He wasn't Zorro, but...

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The charged atmosphere of the scene in the garden as Judas and the religious authorities arrived to arrest Jesus was simply too much for Peter. He had promised to defend his Master to the death (John 13:37) and defend Him he would.

We don’t know when or why Peter had picked up the sword but now he put it to good use.

Then Simon Peter, who had a sword, drew it and struck the high priest’s servant, cutting off his right ear. (The servant’s name was Malchus)” (John 18:10.

Then his world fell apart. The Lord commanded Peter to put the sword away (18:11).

If he couldn’t defend Jesus the only way he knew how, then what was the use? Was it this moment that led to three others that would fulfill Jesus’ warning to Peter that before the night was out, his loyal servant would deny he even knew his Master?

We can’t point the finger at Peter unless we point it back at ourselves. How often, when our plans to do something for the Lord fail, do we give up. Whether we stepped outside of God’s will or did something as He commanded but still failed, we are tempted to throw in the towel, or toss the sword, as Peter did.

There were lessons for Peter to learn from this experience, but what about Malchus? This man disappears off the pages of Biblical history. We know from the account in Luke 22:47-53 that Jesus healed the man’s ear. But that's all we know.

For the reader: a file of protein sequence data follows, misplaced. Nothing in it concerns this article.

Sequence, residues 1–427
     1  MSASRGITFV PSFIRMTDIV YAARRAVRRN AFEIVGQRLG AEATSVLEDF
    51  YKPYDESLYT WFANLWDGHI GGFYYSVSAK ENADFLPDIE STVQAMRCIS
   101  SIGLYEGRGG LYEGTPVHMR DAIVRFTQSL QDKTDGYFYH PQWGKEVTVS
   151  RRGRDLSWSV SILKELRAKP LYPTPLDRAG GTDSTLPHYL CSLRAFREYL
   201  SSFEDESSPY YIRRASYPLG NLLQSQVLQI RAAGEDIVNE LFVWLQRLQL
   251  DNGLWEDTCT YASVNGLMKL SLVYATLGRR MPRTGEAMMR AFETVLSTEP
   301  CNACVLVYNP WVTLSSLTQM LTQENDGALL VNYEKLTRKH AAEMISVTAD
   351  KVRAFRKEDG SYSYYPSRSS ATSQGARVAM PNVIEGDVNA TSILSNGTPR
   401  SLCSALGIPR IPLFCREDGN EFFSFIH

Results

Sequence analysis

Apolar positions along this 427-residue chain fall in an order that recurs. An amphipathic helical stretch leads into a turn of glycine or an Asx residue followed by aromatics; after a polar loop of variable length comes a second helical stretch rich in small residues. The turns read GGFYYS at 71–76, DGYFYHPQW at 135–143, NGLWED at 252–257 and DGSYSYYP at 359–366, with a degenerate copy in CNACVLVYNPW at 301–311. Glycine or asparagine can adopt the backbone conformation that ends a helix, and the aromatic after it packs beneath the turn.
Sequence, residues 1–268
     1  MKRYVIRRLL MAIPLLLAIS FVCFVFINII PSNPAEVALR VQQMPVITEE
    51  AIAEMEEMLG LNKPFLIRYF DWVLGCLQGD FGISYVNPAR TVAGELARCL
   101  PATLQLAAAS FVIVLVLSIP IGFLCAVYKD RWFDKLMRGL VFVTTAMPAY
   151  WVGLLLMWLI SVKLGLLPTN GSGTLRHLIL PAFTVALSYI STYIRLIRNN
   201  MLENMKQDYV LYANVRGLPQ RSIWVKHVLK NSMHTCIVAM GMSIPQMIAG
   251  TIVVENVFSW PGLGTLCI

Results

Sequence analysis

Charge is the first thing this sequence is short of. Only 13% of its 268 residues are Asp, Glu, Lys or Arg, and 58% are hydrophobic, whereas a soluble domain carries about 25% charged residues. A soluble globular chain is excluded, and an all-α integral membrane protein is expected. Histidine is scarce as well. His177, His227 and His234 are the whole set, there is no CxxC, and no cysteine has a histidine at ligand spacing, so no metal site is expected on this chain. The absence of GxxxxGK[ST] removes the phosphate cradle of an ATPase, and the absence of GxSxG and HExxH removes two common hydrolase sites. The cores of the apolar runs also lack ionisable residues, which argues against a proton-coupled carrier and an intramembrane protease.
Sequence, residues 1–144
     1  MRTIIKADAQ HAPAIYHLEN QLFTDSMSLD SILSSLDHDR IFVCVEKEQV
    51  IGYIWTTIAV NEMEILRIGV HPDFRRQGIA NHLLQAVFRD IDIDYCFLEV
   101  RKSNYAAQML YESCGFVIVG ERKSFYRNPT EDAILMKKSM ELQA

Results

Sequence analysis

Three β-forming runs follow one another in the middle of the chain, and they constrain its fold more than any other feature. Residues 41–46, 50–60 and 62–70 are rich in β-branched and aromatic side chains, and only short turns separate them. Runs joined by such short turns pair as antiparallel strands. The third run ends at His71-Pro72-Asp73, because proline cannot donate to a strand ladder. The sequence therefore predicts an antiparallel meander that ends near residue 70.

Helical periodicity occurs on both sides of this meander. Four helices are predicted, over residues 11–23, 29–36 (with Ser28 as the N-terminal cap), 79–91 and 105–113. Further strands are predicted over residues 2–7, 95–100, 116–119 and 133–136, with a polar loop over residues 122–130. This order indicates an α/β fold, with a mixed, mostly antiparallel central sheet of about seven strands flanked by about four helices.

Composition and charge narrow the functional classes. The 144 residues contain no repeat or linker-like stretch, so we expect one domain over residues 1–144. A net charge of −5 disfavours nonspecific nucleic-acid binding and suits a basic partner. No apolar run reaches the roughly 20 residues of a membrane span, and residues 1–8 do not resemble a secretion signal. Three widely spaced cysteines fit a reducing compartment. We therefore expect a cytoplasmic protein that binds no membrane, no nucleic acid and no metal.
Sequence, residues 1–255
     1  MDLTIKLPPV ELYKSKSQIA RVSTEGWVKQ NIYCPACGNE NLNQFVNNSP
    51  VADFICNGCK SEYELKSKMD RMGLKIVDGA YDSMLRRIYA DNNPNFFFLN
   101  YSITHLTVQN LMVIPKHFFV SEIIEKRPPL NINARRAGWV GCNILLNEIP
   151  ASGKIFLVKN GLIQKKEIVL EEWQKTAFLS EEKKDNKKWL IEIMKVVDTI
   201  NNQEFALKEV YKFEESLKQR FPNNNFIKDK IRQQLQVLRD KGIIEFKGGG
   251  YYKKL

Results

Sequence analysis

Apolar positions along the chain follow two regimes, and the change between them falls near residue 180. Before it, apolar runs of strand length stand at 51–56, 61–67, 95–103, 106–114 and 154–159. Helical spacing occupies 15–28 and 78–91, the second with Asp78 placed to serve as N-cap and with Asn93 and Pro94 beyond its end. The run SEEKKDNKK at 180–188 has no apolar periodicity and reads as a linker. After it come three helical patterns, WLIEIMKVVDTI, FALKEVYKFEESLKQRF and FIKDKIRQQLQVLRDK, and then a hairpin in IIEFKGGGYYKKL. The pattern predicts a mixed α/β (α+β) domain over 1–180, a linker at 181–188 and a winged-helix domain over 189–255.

Jesus knew that Peter had that sword. He didn’t stop His disciple from carrying it. Jesus knew that Peter would take that sword and attack Malchus. He didn’t prevent that attack. Perhaps Peter needed to learn that God’s kingdom is not won by the sword—something others have never learned. Peter needed to learn that just because Plan A doesn’t work, it doesn’t mean it’s quitting time. He needed to learn the overwhelming joy of confession, forgiveness and restoration.

But what did Malchus need to learn? We don’t know. But the sword play and its aftermath was not just a lesson for Peter. It was an opportunity for Malchus. As Jesus reached over to touch his ear and make him whole again, this servant of the High Priest found himself at a crossroads. What would he do about this man who could drive his enemies to their knees with a single phrase (18:6), who could put an ear back on that seconds before had been lying, bloodied, in the dust?

We never know how our journeys, the successes and the failures, are going to impact someone else, how our journeys meet their journeys and result in eternal consequences. That is one good reason why we should never believe that the stages of the journey are wasted, lived in vain. God wastes nothing—not even our failures.

I don’t know what happened to Malchus. But I choose to believe that he didn’t walk away from the garden the same man as he was when he walked into the garden.  At the very least he had an opportunity at a personal encounter with God that could change the course of his journey.

Peter may have had one purpose for that sword, but the Lord had another, a greater purpose for it.


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